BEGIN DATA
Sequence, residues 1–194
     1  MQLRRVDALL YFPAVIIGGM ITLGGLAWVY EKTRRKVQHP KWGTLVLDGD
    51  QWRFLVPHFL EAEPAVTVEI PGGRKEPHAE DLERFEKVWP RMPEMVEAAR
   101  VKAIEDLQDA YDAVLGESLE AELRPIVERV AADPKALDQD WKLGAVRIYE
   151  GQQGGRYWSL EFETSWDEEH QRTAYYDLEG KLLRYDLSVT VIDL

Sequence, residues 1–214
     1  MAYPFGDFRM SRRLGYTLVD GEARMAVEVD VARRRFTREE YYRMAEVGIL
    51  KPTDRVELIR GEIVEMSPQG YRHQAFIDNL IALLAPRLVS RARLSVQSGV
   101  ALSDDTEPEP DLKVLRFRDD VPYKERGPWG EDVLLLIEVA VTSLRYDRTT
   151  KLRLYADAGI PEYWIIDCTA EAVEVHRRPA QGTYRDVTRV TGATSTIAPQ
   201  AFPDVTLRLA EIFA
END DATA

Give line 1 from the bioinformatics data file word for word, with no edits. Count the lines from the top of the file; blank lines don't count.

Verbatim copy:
Sequence, residues 1–194